- How serious is pneumococcal disease?
- How do you get pneumococcal disease?
- How do I know if I have pneumococcal pneumonia?
- Can you have pneumonia without a fever?
- What is treatment for pneumococcal pneumonia?
- How common is pneumococcal pneumonia?
- Who is at increased risk for pneumococcal disease?
- What are the signs of pneumococcal pneumonia?
- What diseases does pneumococcal vaccine prevent?
- Who is the pneumococcal vaccine recommended for?
- What does pneumonia feel like at first?
- How is pneumococcal disease prevented?
- How is pneumococcal disease treated?
- Is pneumococcal contagious?
- Who is at risk for streptococcus?
- What is the best antibiotic to treat pneumonia?
- What is the most common type of pneumococcal disease in adults?
- How much does pneumococcal vaccine cost?
How serious is pneumococcal disease?
Invasive pneumococcal disease is a life-threatening condition that is fatal in 10 percent of cases.
Older people and those with underlying medical conditions have a higher risk than others of serious complications..
How do you get pneumococcal disease?
Pneumococcal disease is an infection caused by the bacteria Streptococcus pneumoniae or pneumococcus. People can be infected with the bacteria, or they can carry it in their throat, and not be ill. Those carriers can still spread it, primarily in droplets from their nose or mouth when they breathe, cough, or sneeze.
How do I know if I have pneumococcal pneumonia?
Common symptoms of pneumococcal pneumonia include high fever, excessive sweating and shaking chills, coughing, difficulty breathing, shortness of breath and chest pain. Certain symptoms, such as cough and fatigue, can appear without warning and may last for weeks, or longer.
Can you have pneumonia without a fever?
It is possible to have pneumonia without a cough or fever. Symptoms may come on quickly or may worsen slowly over time. Sometimes a person who has a viral upper respiratory infection (cold) will get a new fever and worsening that signals the start of the secondary bacterial infection.
What is treatment for pneumococcal pneumonia?
Thus, based on current levels of resistance to penicillin and cephalosporin, most patients with mild/moderate pneumococcal pneumonia may respond to oral amoxicillin, and most with severe pneumonia may be successfully treated with intravenous ceftriaxone, cefotaxime, or amoxicillin-clavulanic acid.
How common is pneumococcal pneumonia?
pneumoniae is the most common cause of community-acquired bacterial pneumonia in adults. In these regions, the annual incidence of invasive pneumococcal disease ranges from 10 to 100 cases per 100 000 population.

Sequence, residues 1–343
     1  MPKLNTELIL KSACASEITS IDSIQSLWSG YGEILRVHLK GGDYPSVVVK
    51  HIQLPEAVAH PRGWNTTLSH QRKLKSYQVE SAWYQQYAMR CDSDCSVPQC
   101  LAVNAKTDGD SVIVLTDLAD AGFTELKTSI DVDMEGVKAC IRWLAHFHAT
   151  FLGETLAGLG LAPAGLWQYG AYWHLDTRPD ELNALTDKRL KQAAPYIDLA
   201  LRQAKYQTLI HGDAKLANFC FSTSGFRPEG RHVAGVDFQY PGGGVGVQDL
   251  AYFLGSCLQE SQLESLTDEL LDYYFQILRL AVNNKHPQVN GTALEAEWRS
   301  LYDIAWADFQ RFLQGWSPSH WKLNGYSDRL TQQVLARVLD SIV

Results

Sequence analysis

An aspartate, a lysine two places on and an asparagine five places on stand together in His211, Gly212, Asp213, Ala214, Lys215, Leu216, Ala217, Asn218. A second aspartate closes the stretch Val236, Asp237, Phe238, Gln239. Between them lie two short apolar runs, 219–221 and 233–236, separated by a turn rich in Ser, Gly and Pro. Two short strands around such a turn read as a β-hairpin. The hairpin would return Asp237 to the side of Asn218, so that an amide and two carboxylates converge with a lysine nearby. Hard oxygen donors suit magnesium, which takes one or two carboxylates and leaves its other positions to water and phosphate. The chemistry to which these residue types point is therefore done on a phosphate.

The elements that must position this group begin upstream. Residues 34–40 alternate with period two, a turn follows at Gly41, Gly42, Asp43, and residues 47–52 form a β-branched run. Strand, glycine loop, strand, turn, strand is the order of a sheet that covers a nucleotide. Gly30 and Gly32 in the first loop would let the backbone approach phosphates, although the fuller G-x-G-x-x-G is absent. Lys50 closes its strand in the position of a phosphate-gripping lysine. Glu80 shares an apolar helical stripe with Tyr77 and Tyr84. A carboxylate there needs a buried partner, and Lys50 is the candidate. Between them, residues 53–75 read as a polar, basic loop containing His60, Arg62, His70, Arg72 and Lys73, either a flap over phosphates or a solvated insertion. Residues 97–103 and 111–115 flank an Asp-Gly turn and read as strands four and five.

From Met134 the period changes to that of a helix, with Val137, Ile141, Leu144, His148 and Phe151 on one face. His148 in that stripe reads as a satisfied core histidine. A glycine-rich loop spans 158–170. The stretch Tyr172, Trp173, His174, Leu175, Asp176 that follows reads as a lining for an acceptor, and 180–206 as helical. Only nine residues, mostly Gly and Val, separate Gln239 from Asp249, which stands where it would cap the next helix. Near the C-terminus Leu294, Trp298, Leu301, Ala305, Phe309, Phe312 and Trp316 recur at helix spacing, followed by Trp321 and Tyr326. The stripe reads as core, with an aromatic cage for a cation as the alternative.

Who is at increased risk for pneumococcal disease?
Adults at Risk for Pneumococcal Disease Some adults 19 through 64 years old are also at increased risk for pneumococcal disease, including those: With chronic illnesses (chronic heart, liver, kidney, or lung [including chronic obstructive lung disease, emphysema, and asthma] disease; diabetes; or alcoholism)
What are the signs of pneumococcal pneumonia?
Pneumococcal pneumonia (lung infection) is the most common serious form of pneumococcal disease. Symptoms include: Fever and chills. Cough….Symptoms include:Confusion or disorientation.Shortness of breath.High heart rate.Fever, shivering, or feeling very cold.Extreme pain or discomfort.Clammy or sweaty skin.
What diseases does pneumococcal vaccine prevent?
PCV13 (pneumococcal conjugate vaccine) protects against 13 of the approximately 90 types of pneumococcal bacteria that can cause the most serious types of pneumococcal disease, including pneumonia, meningitis, and bacteremia.
Who is the pneumococcal vaccine recommended for?
CDC recommends routine pneumococcal polysaccharide vaccination for: All adults 65 years or older. People 2 through 64 years old with certain medical conditions. Adults 19 through 64 years old who smoke cigarettes.
What does pneumonia feel like at first?
Early symptoms are similar to influenza symptoms: fever, a dry cough, headache, muscle pain, and weakness. Within a day or two, the symptoms typically get worse, with increasing cough, shortness of breath and muscle pain. There may be a high fever and there may be blueness of the lips.
How is pneumococcal disease prevented?
Keeping up to date with recommended vaccines is the best way to prevent pneumococcal disease. Pneumococcal vaccines help protect against some of the more than 90 types of pneumococcal bacteria.
How is pneumococcal disease treated?
Antibiotics can treat pneumococcal disease. However, many types of pneumococcal bacteria have become resistant to some of the antibiotics used to treat these infections. Available data [5.24 MB, 114 pages] show that pneumococcal bacteria are resistant to one or more antibiotics in 3 out of every 10 cases.
Is pneumococcal contagious?
Pneumococcal disease is a contagious disease. Symptoms including fever and headaches. It can affect people of all ages but can be prevented with vaccination.
Who is at risk for streptococcus?
Risk for serious GBS disease increases as people get older. Adults 65 years or older are at increased risk compared to adults younger than 65 years old.
What is the best antibiotic to treat pneumonia?
Macrolide antibiotics: Macrolide drugs are the preferred treatment for children and adults. Macrolides include azithromycin (Zithromax®) and clarithromycin (Biaxin®).
What is the most common type of pneumococcal disease in adults?
Pneumococcal pneumonia (lung infection) is the most common type of bacterial pneumonia. Death rates for pneumococcal pneumonia in adults are 15-20 percent and as high as 40 percent among elderly patients.
How much does pneumococcal vaccine cost?
1600/dose for 10-valent vaccine and Rs. 3200/dose for the 13-valent vaccine.